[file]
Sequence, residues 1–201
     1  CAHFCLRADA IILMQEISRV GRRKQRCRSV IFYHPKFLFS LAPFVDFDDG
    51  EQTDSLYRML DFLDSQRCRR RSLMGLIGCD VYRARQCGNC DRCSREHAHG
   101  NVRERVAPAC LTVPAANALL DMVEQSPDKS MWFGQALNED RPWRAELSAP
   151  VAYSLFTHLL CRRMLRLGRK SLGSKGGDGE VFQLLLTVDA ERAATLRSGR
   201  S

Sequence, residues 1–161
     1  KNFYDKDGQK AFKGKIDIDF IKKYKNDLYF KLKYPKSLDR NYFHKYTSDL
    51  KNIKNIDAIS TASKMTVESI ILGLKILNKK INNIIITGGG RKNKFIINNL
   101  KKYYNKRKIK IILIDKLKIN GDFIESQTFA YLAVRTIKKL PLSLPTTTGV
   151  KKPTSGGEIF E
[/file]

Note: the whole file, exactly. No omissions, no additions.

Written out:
Sequence, residues 1–201
     1  CAHFCLRADA IILMQEISRV GRRKQRCRSV IFYHPKFLFS LAPFVDFDDG
    51  EQTDSLYRML DFLDSQRCRR RSLMGLIGCD VYRARQCGNC DRCSREHAHG
   101  NVRERVAPAC LTVPAANALL DMVEQSPDKS MWFGQALNED RPWRAELSAP
   151  VAYSLFTHLL CRRMLRLGRK SLGSKGGDGE VFQLLLTVDA ERAATLRSGR
   201  S

Sequence, residues 1–161
     1  KNFYDKDGQK AFKGKIDIDF IKKYKNDLYF KLKYPKSLDR NYFHKYTSDL
    51  KNIKNIDAIS TASKMTVESI ILGLKILNKK INNIIITGGG RKNKFIINNL
   101  KKYYNKRKIK IILIDKLKIN GDFIESQTFA YLAVRTIKKL PLSLPTTTGV
   151  KKPTSGGEIF E